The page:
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ResourcesResearch IntegrityTwo in 100 clinical trials in eight major journals likely contain inaccurate data: Study – Retraction Watch (Ivan Oransky | June 2017)

Australasian Human Research Ethics Consultancy Services Pty Ltd (AHRECS)

Two in 100 clinical trials in eight major journals likely contain inaccurate data: Study – Retraction Watch (Ivan Oransky | June 2017)

 


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A sweeping analysis of more than 5,000 papers in eight leading medical journals has found compelling evidence of suspect data in roughly 2% of randomized controlled clinical trials in those journals.

This is not the first time such an observation has been made and it probably won’t be the last. Distorted evidence is a cause for concern when it leads to poor (or even dangerous decision making), but we’re left wondering if we need to try to gather such observations into an omnibus and footnoted a single item in the Resource Library. What do you think? Drop us a line (gary.allen@ahrecs.com) and let us know what you think. This report does highlight the importance for clinical decision making of being well-read on a topic rather than relying on a small sample of articles supporting a treatment.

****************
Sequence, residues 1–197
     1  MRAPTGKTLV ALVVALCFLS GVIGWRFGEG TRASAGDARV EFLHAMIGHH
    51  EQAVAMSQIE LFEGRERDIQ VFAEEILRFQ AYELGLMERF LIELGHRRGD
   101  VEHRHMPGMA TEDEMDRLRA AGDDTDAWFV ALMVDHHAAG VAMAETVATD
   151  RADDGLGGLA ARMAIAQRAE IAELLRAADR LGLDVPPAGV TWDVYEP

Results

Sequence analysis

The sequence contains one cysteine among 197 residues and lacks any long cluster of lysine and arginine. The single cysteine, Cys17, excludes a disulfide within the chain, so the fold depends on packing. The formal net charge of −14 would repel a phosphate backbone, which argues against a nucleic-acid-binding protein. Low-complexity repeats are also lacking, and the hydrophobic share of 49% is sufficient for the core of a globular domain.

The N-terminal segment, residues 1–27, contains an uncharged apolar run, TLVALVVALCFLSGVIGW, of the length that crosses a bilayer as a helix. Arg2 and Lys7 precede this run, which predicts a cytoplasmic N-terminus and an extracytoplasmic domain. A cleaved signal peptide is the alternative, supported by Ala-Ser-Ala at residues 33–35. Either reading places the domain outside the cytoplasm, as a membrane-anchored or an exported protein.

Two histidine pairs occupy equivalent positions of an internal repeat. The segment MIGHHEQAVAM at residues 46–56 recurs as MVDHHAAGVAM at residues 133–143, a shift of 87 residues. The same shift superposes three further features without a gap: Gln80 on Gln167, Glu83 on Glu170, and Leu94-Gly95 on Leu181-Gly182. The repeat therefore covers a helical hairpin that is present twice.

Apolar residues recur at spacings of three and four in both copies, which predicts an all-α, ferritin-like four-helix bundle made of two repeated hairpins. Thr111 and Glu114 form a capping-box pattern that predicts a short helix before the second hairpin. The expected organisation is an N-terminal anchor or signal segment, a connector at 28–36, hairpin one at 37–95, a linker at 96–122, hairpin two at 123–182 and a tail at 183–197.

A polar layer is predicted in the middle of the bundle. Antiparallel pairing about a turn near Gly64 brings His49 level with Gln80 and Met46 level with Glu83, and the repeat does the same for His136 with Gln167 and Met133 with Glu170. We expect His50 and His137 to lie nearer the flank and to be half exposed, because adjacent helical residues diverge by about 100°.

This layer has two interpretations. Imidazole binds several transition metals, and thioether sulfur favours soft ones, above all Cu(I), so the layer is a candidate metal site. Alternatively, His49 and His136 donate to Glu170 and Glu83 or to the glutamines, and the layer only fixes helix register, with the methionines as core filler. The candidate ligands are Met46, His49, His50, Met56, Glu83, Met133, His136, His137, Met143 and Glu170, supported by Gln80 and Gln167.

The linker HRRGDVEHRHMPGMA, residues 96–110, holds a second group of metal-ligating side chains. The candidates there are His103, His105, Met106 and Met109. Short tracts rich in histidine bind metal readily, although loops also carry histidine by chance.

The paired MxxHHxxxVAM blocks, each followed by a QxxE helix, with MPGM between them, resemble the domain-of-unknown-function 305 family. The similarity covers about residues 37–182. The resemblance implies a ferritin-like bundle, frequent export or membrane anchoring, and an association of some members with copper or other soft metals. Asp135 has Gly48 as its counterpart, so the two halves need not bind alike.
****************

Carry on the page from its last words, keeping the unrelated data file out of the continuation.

Although the analysis, by John Carlisle, an anesthetist in the United Kingdom, could not determine whether the concerning data were tainted by misconduct or sloppiness, it suggests that editors of the journals have some investigating to do. Of the 98 studies identified by the method, only 16 have already been retracted. [See update at end.] .
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The types of studies analyzed — randomized controlled clinical trials — are considered the gold standard of medical evidence, and tend to be the basis for drug approvals and changes in clinical practice. Carlisle, according to an 
editorial by John Loadsman and Tim McCulloch accompanying the new study published today in Anesthesia,

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